I am skeptical that the long run supply curve of shale production has shifted as the result of these developments. Certainly not by enough to mean that the Saudis could recoup the losses they are suffering today with higher prices and revenues in the future.

    The ProfessorComment by The Professor — January 3, 2015 @ 5:32 pm

  6. […] Pirrong has a great post debunking all the mind-numbingly obtuse oil conspiracies doing the rounds following the price collapse in […]

    Pingback by Oil and dollar conspiracies | Dizzynomics — January 4, 2015 @ 9:20 am

  7. There will be another effect of the US shale, even if it is not producing: the knowledge that it is there and could produce if it is required. The presence of US shale oil has done much to calm oil supply fears, generated by a recent belief that any new production would have to come from areas which are technologically demanding or politically unstable. 600kpd of US production probably has a similar market effect of a larger production from somewhere like Nigeria, for example. Despite Obama’s best efforts, the US is still seen as a politically stable place to do business.

    Comment by Tim Newman — January 5, 2015 @ 9:45 am

  8. @Tim-Absolutely. Shale has made the long run supply of oil much more elastic, and it is much more flexible and scaleable than megaprojects. It therefore has much greater optionality. The Saudis have to understand this, and realize that it’s pretty futile to try to drive it out. I’d wager that current events are suppressing future supply from megaprojects, or projects in politically unstable locations, much more than future supply from shale.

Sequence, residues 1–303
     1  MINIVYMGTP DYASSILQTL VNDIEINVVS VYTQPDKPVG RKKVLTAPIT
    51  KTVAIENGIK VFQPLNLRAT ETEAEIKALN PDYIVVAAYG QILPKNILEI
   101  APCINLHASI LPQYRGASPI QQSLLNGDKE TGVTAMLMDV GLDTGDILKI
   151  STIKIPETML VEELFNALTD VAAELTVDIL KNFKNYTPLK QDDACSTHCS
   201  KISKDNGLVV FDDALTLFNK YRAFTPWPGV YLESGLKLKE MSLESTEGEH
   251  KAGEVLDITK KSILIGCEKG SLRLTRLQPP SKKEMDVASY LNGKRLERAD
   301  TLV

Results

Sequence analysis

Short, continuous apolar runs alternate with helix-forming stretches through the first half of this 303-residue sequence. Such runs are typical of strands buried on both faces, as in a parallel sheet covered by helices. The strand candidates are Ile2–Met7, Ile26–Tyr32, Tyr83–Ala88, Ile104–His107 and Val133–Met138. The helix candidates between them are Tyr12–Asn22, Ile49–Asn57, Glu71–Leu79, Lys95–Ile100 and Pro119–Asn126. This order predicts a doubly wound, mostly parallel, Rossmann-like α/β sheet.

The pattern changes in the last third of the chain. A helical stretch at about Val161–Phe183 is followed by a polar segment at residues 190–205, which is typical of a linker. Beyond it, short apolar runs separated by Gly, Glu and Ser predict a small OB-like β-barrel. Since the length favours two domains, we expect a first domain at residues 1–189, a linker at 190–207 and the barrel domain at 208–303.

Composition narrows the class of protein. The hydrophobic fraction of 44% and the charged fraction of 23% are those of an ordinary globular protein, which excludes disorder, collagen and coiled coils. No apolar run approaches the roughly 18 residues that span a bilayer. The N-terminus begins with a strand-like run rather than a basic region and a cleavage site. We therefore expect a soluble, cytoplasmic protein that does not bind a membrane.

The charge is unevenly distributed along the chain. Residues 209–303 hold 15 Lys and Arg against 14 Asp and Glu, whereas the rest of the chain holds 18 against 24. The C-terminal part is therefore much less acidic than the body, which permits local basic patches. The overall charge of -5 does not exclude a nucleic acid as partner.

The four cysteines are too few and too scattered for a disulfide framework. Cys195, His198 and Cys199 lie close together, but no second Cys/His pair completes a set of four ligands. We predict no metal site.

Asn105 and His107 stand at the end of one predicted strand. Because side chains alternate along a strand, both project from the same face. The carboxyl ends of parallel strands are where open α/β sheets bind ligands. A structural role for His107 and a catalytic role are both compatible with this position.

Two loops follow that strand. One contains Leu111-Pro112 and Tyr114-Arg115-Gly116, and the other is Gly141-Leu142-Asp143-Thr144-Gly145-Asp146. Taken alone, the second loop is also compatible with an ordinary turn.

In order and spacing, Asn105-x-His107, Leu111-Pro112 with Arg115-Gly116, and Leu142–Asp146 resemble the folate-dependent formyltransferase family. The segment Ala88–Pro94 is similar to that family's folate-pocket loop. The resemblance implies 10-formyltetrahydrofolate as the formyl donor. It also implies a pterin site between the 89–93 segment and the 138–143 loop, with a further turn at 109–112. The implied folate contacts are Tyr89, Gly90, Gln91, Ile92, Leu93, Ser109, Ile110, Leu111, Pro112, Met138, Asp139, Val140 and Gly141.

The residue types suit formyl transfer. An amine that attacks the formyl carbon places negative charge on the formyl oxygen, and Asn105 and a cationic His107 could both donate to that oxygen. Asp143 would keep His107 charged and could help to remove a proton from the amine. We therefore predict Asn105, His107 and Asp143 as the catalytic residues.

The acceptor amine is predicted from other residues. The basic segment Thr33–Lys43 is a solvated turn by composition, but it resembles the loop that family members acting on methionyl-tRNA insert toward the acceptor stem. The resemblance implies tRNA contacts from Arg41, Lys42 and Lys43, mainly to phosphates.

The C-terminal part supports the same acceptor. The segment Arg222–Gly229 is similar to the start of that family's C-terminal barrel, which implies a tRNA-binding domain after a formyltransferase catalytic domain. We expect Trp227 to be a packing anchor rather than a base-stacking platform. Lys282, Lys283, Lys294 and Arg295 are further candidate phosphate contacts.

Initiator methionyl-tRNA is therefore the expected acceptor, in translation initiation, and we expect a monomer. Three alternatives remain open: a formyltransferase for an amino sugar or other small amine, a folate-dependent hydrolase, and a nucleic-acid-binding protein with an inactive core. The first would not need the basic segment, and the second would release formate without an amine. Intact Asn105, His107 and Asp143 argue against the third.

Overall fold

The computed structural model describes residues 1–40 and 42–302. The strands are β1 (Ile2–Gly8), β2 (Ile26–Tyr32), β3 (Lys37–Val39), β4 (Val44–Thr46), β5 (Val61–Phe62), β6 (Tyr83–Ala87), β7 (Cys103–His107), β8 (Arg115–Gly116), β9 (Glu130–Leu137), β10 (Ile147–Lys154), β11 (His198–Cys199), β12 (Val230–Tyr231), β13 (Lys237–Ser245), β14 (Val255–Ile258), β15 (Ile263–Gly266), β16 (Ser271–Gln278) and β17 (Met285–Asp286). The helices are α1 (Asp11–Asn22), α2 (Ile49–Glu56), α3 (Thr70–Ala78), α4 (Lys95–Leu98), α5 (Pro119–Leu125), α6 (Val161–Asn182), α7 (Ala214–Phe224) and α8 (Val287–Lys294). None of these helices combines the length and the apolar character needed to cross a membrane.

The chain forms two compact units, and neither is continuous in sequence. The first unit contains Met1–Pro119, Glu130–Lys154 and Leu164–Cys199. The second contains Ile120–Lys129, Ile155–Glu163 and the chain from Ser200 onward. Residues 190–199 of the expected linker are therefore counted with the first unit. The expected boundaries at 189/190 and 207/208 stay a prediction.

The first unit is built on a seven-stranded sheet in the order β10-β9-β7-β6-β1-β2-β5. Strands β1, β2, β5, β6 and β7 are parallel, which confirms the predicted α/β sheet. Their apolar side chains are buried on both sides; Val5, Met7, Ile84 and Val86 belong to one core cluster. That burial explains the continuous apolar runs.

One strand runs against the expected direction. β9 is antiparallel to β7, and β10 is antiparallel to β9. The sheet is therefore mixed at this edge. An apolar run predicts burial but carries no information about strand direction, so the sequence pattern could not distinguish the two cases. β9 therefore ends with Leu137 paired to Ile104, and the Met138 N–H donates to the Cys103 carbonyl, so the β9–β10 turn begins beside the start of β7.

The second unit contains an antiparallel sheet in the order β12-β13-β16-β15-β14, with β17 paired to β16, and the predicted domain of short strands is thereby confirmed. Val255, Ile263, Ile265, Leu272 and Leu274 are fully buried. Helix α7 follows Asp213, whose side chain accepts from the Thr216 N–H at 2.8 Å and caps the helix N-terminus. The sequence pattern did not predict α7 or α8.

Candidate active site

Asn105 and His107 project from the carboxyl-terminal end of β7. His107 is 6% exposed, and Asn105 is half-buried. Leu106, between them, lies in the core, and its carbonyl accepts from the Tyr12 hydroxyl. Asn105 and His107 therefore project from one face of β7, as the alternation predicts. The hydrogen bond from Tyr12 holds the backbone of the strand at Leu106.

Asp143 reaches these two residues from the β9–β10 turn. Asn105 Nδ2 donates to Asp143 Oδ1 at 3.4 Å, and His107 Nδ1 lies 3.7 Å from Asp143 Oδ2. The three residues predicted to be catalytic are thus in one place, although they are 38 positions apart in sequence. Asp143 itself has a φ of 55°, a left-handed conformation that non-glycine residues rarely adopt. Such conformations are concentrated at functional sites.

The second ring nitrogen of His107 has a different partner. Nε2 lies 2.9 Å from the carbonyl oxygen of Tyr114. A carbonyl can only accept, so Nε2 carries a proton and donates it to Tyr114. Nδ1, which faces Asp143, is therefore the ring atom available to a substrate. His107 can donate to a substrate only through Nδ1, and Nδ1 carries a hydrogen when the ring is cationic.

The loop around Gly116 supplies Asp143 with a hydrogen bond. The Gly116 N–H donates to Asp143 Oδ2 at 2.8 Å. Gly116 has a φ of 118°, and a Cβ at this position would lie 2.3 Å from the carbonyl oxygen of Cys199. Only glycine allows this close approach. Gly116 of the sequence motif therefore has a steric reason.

The ProfessorComment by The Professor — January 5, 2015 @ 10:14 am

  9. great post. really great post. So, what you are saying is Obama is in bed with Putin by vetoing the Keystone Pipeline? (Just kidding, and posting yet another conspiracy theory)
    Happy New Year

    Comment by pointsnfigures — January 8, 2015 @ 6:12 am

  10. @pointsnfigures-Thanks for the kind words. Not in bed with Putin, because I don’t think Keystone has that big an impact on Russia, but I can definitely see Obama sympathizing with the Chavistas, who would be the biggest losers from Keystone XL. Probably not a determinative factor, but something that helps tip the scales.